Doggie Tricks and Bizness Licks
This is the true story of a street dog and his best friend - an incorrigible pair who get to see each other only on Sundays when they nap together, sing in harmony and share a breakfast of raw eggs and tea. It's a strange, irregular tale and not all that easy to grasp. I'm not sure I really understand it myself.
We can start by tripping back to 1964 when a gadfly from Muswell Hill, who turned out to be Ray Davies, made a hit record with his Kinks called "You Really Got Me."
Instantly, he began answering ferocious questionnaires from music papers demanding tiny intricacies like what is your favorite soft drink? and what do you do when you get a schoolgirl alone in a hotel room? Are you impressed with Bartok? Do you tell her?
Ray Davies faced just such a crucial examination and in the spot marked "Best Friend" answered "Me", and in the spot marked "Most Thrilling Moment" answered that it was truly the first time he met his best friend.
Now I know this to be true because last Friday this invaluable document was in the NME files.
"I remember this one", says Davies, folding it a couple times and pushing it into his jacket pocket. "And it's true you know....perfectly true. But I THINK I've got rid of him at last. I don't know but I think I'll be able to tell you after Sunday.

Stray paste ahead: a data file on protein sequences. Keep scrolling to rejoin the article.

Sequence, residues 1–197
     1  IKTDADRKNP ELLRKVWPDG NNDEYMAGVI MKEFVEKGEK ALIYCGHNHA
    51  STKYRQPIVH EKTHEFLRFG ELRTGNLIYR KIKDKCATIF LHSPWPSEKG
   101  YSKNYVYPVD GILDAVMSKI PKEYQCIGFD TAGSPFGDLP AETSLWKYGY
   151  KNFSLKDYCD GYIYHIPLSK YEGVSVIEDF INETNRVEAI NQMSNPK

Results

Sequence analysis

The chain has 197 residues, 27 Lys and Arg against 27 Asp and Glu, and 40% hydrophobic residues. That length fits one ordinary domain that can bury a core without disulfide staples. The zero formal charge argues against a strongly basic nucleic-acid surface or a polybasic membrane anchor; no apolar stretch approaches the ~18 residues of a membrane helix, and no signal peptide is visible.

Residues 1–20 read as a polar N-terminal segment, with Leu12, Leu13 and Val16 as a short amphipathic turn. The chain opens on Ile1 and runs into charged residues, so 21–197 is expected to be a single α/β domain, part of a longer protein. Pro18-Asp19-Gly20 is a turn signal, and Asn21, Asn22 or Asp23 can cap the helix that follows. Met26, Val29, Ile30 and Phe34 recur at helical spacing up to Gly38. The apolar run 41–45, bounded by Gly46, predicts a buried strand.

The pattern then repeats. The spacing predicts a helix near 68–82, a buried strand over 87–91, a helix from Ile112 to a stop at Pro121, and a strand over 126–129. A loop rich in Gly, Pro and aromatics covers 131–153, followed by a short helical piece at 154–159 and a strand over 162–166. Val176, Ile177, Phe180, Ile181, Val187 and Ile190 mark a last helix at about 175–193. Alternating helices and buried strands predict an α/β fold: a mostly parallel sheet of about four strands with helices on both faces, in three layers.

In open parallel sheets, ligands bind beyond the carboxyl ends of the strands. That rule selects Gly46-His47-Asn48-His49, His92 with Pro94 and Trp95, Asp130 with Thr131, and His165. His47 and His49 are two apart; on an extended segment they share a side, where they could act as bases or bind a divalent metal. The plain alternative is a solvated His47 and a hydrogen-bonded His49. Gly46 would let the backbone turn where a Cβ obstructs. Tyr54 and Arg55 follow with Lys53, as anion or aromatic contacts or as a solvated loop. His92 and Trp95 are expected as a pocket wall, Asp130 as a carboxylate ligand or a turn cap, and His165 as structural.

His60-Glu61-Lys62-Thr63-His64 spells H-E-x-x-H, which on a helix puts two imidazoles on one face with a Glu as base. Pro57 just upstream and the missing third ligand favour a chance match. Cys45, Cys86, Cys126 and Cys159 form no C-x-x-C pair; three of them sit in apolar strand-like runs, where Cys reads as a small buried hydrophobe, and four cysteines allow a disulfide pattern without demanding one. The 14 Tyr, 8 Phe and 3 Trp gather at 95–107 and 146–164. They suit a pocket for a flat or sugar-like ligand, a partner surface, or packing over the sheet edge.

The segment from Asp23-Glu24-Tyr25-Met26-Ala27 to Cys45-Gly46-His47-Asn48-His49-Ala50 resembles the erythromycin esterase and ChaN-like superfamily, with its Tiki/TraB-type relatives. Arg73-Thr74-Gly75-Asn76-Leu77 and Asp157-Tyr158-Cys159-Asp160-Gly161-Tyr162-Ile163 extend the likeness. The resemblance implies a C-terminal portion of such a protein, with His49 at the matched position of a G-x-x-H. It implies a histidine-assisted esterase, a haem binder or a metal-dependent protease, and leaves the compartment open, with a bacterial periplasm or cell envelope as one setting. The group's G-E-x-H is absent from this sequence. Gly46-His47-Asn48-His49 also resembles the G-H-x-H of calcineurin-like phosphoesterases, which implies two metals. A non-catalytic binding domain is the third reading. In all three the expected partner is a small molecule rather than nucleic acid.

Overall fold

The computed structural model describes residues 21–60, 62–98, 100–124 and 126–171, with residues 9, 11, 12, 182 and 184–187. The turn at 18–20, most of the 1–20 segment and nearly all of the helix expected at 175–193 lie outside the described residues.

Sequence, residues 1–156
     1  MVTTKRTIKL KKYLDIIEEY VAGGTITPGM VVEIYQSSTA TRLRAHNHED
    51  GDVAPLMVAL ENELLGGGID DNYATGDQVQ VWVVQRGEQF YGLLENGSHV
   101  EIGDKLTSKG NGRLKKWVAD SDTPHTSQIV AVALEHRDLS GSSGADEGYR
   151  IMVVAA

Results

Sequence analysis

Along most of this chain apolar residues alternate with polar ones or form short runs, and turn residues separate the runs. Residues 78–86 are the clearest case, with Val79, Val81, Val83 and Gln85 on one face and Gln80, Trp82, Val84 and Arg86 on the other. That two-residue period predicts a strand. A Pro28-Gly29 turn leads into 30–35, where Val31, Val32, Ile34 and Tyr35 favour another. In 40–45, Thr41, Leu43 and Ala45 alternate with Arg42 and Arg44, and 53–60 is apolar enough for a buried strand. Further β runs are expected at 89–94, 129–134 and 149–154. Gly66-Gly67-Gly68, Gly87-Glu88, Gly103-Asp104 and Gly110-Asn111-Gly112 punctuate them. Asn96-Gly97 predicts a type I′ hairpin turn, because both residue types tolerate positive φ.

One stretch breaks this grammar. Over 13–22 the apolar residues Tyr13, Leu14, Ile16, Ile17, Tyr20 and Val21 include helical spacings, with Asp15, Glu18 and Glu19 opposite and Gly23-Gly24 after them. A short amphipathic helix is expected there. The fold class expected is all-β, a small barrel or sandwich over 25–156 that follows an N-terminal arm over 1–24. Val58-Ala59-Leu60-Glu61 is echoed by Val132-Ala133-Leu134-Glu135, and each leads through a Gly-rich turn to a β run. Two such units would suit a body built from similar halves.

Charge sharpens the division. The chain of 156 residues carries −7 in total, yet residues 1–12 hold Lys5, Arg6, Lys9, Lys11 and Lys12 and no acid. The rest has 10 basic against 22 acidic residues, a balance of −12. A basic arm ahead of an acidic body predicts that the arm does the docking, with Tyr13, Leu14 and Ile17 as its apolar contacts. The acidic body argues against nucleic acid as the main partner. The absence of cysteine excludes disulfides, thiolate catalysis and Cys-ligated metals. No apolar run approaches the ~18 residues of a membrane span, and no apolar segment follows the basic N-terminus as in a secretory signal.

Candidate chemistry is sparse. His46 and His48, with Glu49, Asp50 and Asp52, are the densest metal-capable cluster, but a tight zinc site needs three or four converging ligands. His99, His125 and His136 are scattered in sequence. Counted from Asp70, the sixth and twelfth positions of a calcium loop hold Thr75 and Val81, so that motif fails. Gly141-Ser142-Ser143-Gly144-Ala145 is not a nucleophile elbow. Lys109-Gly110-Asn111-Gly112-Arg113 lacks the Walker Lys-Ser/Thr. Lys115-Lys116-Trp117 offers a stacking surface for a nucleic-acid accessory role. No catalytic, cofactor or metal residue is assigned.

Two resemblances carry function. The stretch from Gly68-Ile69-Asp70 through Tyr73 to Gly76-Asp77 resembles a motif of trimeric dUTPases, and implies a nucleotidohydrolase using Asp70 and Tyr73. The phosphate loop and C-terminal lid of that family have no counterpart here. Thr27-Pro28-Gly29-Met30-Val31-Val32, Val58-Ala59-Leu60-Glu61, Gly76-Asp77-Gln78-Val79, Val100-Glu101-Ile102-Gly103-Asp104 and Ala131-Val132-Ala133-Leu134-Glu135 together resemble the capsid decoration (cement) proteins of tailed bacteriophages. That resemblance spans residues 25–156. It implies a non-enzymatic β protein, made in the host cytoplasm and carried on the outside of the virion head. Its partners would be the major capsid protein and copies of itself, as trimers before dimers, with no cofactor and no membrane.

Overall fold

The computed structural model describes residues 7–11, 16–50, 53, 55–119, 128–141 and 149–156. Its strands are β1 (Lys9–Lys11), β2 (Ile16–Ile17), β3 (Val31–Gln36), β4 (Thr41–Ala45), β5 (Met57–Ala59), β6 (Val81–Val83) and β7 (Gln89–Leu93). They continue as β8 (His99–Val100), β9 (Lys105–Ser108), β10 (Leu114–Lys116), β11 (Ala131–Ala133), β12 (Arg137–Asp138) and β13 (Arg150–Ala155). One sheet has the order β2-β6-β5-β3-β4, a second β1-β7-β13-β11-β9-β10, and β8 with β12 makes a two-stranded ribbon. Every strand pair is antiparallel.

"I would like to get rid of him now. He's been a friend for long time and now I'm looking for someone else...if you know what I mean."
It was the "after Sunday" bit - whispered secretly - that sounded a bit ominous. Pennie 'Snaps' Smith was worried afterwards that it might mean he was contemplating a leap from a tall building. After Sunday?
Sunday was, in fact, the last day of a Kinks tour of Britain and, just as surely, the final moments of the friend Ray Davies ran into 10 years ago - a closet companion and marksman, equipped with a marauding mind and all the little chopping strokes a rock and roll star needs to rock and roll.
No, don't go away. I think we've got this same thing worked out, in that same questionnaire he was talking about replacing his absent dog with a stuffed one. Mummified dogs, he pointed out, didn't need feeding and never crapped on the floor.
"Yes", he affirmed. "I'd rather have a stuffed dog than no dog. But then dogs frighten me. They really do. I was sitting in Pond Square, Highgate, and a mongrel comes up to me and it looks at me and instantly I knew everything about me. Then it sniffs me and walks away. Because it had everything it wanted from me.
"They're very clever, you know, especially mongrel dogs..I think they are ultra-intelligent." More so than cats, I wondered. "More so than people and I reckon they've got more of a chance. It's cynical really. I wrote a little poem for my dog before it ran away. I was writing one night and my dog was asleep having a nightmare and I really couldn't talk to him. That was the most upsetting thing. I couldn't talk to my dog and he couldn't talk to me, which was worse for him. I think if they could talk to us it would really be interesting because they really get kicked around. Let's face it, it's a hard life for a mongrel."
They grow up tough, though, I suggested. Maybe you're something of a street dog. "Yeah, maybe I'm a street dog. I can see a lot of myself in that dog. Yeah, I'm a dog."